Lisle Ellis is a multifaceted creator whose work reflects his interests in music, visual art, computers/technology, and community. As a composer and improvisor-bassist his oeuvre spans three decades and two countries and has brought him international recognition as an artist with an exceptional vision. Some critics consider him to possess an important voice and to have made a significant contribution to the field of experimental music. Recent years have also brought him attention as a creator of computer/electronic music and as a visual artist.
Ellis began playing electric bass in his teens and worked professionally from an early age in numerous environments including studios, radio & tv shows, and even strip clubs. When his teacher and mentor, Walter Robertson, suddenly died in 1974, Ellis abandoned his studies at a music conservatory in Vancouver, Canada in favor of the seminal, and now legendary, Creative Music Studio in New York. There, over a period of several years, he had intimate contact with the vital NYC music scene at a time of surging changes and extraordinary developments.
Lisle Ellis, as the 1986 winner and first recipient of Canada's prestigious Frederick Stone Award -- given annually to a musician for integrity and innovation -- affirms the pioneering role he played in the development of improvised and experimental music in his native Canada. Particularly, in Vancouver in the early 1980's, and the late 80's in Montreal, Ellis was a conspicuous activator of musician alliance organizations, performance venues, and concert series presentations. One collective in particular, Vancouver's New Orchestra Workshop, is still active nearly thirty years later.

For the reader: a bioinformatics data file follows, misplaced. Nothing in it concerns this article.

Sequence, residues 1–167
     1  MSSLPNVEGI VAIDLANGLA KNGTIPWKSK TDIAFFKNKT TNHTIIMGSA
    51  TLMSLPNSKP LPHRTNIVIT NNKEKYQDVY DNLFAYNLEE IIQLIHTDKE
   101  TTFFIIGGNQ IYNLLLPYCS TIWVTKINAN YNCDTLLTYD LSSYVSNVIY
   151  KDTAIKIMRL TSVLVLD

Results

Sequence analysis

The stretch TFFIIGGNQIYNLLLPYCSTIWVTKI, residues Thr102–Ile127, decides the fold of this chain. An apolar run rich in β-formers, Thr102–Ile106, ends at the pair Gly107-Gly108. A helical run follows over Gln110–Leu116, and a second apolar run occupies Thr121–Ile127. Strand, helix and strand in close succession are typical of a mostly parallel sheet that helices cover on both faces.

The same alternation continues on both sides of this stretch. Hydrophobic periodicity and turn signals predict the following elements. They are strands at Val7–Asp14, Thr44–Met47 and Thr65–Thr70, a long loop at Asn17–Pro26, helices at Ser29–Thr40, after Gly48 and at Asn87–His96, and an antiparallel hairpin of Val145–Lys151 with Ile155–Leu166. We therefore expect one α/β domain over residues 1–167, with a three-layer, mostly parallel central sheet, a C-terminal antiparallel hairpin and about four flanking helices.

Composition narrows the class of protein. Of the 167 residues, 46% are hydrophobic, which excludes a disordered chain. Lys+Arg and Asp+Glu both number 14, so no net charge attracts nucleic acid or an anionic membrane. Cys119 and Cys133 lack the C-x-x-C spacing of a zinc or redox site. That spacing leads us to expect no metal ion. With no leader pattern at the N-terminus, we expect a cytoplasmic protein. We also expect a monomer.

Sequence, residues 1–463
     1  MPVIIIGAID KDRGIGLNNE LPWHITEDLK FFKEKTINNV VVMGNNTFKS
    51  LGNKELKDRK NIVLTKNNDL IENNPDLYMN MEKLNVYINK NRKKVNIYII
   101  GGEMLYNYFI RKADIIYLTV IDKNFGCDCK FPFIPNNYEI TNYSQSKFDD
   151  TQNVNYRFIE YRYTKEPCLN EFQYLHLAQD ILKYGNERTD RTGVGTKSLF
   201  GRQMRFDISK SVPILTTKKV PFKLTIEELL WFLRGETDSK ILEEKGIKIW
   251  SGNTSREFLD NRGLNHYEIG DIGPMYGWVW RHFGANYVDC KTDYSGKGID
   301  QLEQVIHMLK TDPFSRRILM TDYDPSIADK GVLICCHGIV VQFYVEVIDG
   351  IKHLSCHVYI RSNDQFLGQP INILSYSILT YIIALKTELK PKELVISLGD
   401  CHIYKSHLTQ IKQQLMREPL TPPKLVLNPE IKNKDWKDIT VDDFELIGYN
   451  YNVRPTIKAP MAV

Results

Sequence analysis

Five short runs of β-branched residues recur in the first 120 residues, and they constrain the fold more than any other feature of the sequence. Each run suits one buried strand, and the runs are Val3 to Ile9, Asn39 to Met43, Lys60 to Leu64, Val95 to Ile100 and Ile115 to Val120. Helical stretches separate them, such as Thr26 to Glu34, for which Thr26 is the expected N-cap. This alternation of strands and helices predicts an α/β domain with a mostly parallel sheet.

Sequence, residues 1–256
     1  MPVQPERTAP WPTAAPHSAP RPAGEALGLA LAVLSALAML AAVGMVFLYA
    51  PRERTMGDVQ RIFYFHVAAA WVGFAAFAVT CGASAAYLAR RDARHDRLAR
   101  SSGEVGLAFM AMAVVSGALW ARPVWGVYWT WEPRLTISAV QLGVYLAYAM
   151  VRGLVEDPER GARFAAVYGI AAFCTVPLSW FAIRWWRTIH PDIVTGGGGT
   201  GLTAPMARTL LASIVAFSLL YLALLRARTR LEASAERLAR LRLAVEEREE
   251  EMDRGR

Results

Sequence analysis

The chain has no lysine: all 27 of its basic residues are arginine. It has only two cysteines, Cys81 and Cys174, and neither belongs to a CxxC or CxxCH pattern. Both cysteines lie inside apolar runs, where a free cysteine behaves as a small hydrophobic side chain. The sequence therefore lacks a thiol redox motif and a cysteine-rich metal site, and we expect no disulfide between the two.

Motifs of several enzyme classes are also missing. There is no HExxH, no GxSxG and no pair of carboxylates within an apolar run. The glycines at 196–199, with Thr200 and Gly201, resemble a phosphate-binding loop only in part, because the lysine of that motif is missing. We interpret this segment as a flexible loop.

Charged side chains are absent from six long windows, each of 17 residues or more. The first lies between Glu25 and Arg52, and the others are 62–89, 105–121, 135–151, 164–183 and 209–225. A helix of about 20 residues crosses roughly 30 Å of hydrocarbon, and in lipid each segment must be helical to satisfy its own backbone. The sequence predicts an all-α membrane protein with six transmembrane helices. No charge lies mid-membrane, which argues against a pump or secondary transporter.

Almost immediately after relocating to the United States in 1992, Ellis's music began to attract attention and acclaim on a global level. His recording, Kaleidoscopes: The Ornette Coleman Songbook (Hat Art), with pianist Paul Plimley, was given five stars in Downbeat Magazine and has been hailed as a modern masterpiece.
Ellis's distinct instrumental voice has been heard in a multitude of concerts on the world stage in the company of legends of the avant-garde such as Paul Bley, Peter Broetzmann, Andrew Cyrille, Joe Mcphee, and Cecil Taylor; leading contemporary players Marilyn Crispell, Dave Douglas, Fred Frith, and John Zorn, and on more than 40 recordings for international labels such as Black Saint, DIW, and Hat Art, and New World.
Currently, Ellis's principal interest is in developing an electro-acoustic architecture he calls string-circuitry-confluence. Secondary to that are projects such as his long standing trio with Larry Ochs and Donald Robinson called What We Live, Di Terra, an Italy based trio with Alberto Braida and Fabrizio Spera, and duos with pianists Paul Plimley and Mike Wofford. Ellis lives in New York City.